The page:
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Despite fiscal cautions, Baltimore County retains top bond ratings

Baltimore County has again received top bond ratings from the three major rating agencies, despite concerns about an upcoming budget gap.

County officials announced Tuesday that Moody’s, Fitch Ratings and S&P Global Ratings each affirmed the county’s AAA ratings. The ratings help the county borrow money at low interest rates to finance construction of schools and infrastructure.

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Johnny Olszewski Jr. delivered an upbeat message on the campaign trail, promising a fresh approach to governing as Baltimore County executive. Now in office and facing a budget shortfall, he is traveling around the county telling a more sobering story.

County Executive Johnny Olszewski Jr. has said the county faces an $81 million deficit in the upcoming year. But the ratings agencies cite factors including the county’s strong economy and its fiscal management practices in assigning the AAA ratings.

“While the county's financial plan projects gaps in the coming years, we expect the county to close these gaps through a mix of savings and revenue initiatives,” states an S&P analysis issued last week.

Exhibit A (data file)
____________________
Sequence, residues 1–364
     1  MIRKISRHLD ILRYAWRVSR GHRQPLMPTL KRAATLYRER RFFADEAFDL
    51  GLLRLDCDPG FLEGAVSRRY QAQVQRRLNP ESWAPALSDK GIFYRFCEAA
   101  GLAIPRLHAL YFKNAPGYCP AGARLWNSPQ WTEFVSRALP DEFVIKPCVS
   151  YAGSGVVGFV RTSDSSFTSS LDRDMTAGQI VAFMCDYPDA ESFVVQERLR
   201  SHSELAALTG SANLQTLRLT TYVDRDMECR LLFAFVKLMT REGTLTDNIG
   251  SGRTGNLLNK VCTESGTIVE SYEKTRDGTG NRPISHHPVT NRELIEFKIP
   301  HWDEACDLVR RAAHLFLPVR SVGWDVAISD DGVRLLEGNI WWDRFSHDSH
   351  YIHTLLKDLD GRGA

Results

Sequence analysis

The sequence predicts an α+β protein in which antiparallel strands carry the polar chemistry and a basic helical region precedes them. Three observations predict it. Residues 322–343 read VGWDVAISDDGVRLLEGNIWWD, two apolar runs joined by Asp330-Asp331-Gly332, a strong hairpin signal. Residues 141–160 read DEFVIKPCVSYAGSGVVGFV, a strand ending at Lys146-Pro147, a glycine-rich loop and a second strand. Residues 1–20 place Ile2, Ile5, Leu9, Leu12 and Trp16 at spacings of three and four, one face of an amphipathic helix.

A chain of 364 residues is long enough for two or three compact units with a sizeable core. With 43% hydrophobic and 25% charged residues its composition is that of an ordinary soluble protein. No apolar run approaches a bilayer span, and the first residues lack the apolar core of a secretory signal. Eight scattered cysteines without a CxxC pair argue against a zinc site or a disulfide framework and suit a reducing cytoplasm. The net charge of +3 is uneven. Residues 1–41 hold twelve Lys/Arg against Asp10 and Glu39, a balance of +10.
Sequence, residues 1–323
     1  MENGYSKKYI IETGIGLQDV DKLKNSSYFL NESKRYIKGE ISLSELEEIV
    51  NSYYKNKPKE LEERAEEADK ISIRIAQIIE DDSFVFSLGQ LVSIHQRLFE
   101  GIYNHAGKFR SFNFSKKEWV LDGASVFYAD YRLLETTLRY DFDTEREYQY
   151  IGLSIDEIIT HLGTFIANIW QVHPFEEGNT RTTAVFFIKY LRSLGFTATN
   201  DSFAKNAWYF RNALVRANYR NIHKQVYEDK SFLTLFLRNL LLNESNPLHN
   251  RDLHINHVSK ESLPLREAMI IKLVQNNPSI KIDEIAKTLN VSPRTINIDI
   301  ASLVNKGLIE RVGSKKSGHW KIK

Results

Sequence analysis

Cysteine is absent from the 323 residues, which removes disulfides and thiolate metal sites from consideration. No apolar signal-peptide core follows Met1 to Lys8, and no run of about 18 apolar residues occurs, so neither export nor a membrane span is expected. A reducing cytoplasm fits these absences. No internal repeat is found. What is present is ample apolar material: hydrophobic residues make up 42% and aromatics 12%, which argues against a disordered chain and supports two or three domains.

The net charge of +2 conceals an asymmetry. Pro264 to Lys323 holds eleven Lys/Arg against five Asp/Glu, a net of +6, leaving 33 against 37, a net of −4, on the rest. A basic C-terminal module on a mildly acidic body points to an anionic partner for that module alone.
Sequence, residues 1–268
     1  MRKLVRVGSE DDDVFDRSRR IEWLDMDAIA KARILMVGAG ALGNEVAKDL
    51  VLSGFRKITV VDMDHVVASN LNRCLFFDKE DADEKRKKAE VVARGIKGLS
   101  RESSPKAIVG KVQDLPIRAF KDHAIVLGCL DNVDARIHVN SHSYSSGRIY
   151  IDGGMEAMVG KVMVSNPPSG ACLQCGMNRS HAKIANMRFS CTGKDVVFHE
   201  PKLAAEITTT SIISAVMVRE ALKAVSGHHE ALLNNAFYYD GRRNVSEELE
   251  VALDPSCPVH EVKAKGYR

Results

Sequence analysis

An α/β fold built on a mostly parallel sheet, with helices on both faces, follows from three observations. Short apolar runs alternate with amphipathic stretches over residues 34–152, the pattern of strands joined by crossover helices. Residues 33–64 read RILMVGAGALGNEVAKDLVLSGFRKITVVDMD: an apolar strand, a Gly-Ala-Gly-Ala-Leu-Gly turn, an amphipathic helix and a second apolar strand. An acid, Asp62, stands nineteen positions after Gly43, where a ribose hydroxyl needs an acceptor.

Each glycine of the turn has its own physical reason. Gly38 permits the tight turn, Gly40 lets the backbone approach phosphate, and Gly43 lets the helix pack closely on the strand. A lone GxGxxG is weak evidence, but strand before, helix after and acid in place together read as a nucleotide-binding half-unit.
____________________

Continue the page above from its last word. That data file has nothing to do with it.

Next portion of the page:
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A Fitch analysis released Monday says the county “has strong revenue flexibility” because it could increase property and income taxes.

 
(Baltimore Sun Graphic)

Still, Moody’s says the county’s outlook remains negative, meaning its credit rating could be downgraded in the future. The agency last week pointed to factors including “plans to take on additional debt to finance its sizeable capital program that includes debt for schools, water and wastewater projects” in assigning the negative outlook.

Olszewski’s first budget proposal is due to the County Council in April. He hasn’t ruled out tax hikes, but has said they are “the last thing that we should turn to.”

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